Like a lot of people, I watched a good deal of the Democratic National Convention when it was broadcast a while back. As I did this, I was particularly taken by the speech Jill Biden made about her husband, Joe. Now one would expect a wife to be supportive of her husband's ambitions, so most of what she said seemed to me to be well-handled, but unsurprising. However, I was taken by the section where she said, “Four days after Beau’s funeral, I watched Joe shave and put on his suit. I saw him steel himself in the mirror, take a breath, put his shoulders back, and walk out into a world empty of our son. He went back to work. That’s just who he is.” I must confess that I could identify with Joe at least a little in that description. While I've never faced anything that devastating, there have been times when I felt I had to force myself to go "back to work."
Dr. Biden went on to describe a number of things she has seen Joe do to help others in their time of trouble and finished by saying she understood why he did such things. She said, "He does it for you." This set me back a bit because I didn't believe it. You see, I really don't believe in what is called "altruism." That's not to say that I don't understand the idea, or think it would be great if it existed, but I am unable to convince myself that real altruism actually exists.
Now, the dictionary says:
I rather like Joe Biden, not because he is "selfless," but because he has made efforts to do things which he felt were for the common good. I don't expect anyone in politics to do something "for" me, but to do things because they are in a position to make a contribution towards achieving some good, and are willing to expend their time, energy and resources to help accomplish it. If I benefit from it (whatever it is) that's nice for me. If not, maybe someone else will benefit more.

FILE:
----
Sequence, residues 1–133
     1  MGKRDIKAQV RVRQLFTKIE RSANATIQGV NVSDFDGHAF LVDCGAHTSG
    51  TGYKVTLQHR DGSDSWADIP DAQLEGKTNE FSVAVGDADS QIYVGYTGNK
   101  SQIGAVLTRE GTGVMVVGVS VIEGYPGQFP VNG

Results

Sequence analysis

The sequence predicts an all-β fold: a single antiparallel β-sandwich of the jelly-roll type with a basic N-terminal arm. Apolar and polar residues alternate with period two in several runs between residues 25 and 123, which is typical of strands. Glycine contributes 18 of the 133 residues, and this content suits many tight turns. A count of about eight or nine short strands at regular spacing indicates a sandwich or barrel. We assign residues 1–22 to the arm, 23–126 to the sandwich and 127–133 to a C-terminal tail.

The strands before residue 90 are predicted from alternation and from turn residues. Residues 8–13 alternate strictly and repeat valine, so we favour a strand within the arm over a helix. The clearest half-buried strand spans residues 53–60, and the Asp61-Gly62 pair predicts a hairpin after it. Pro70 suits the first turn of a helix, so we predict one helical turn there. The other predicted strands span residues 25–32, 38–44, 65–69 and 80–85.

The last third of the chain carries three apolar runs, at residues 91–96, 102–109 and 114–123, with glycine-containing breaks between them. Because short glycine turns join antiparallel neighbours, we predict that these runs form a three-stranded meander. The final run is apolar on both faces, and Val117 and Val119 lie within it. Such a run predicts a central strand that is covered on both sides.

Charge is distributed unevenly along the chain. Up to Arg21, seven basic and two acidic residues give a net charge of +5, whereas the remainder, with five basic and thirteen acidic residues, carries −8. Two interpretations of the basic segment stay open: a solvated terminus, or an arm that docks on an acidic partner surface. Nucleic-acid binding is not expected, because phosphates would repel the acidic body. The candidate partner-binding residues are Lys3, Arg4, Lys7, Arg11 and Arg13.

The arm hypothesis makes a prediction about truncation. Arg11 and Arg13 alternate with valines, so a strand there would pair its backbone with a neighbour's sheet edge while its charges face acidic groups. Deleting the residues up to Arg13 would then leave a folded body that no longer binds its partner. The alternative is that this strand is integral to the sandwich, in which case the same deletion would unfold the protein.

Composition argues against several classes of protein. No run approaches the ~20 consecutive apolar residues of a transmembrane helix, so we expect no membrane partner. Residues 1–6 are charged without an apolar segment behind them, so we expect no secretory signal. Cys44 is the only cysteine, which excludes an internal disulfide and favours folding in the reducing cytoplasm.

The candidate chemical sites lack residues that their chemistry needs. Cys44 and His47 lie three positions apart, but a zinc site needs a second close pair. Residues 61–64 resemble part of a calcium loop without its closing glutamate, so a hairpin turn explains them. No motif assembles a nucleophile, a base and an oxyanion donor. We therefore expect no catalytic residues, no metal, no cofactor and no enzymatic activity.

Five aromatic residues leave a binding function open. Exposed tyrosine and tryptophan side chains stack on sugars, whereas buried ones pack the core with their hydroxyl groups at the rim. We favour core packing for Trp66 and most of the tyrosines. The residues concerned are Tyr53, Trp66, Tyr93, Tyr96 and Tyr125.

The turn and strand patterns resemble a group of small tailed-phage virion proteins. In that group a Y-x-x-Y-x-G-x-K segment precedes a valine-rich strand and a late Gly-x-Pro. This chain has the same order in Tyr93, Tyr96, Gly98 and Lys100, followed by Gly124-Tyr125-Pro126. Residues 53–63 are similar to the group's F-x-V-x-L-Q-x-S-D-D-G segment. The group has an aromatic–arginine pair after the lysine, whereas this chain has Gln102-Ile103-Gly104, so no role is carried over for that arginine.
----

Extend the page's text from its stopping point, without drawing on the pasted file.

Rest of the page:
In The Notebooks of Lazarus Long, Robert A. Heinlein says, "Beware of altruism. It is based on self-deception, the root of all evil." What I think he meant by that was that people do things because they want to do them, not because they are against their own self-interest, although it is possible that some of these things may, at least, appear to be so. I would like to think that it might be because they see themselves as a part of a greater whole and they feel that they will achieve some sense of personal satisfaction by helping to see that certain things get accomplished for the good of everyone.
It comes to my mind that the multi-billionaire, Warren Buffett, has commented that it is ridiculous that he can pay less in taxes than his secretary, due to the way the tax code is written, and he would not be opposed to a revised tax code which required him to pay his "fair share" because he can certainly afford it. I don't think that's "altruism," so much as an awareness that "fair is fair" and a fair tax code isn't going to make him suffer very much. My suspicion is that his great emphasis on charitable contributions is, at least in part, based on his recognition that he benefits from an unfair tax code which hurts others., so he can afford to try to do something for others. Altruism? Perhaps. But I'll bet it makes him feel good, too.
While thinking about this, I have done a bit of looking around to see what others have said about altruism and discovered that I am, apparently, not alone in my ideas. Sri Aurobindo, the Indian philosopher, has been quoted as saying, " Very usually, altruism is only the sublimest form of selfishness." I think that may capsulize this idea rather well.
Another way of saying what I think is much the same idea comes from Of Human Bondage by W. Somerset Maugham.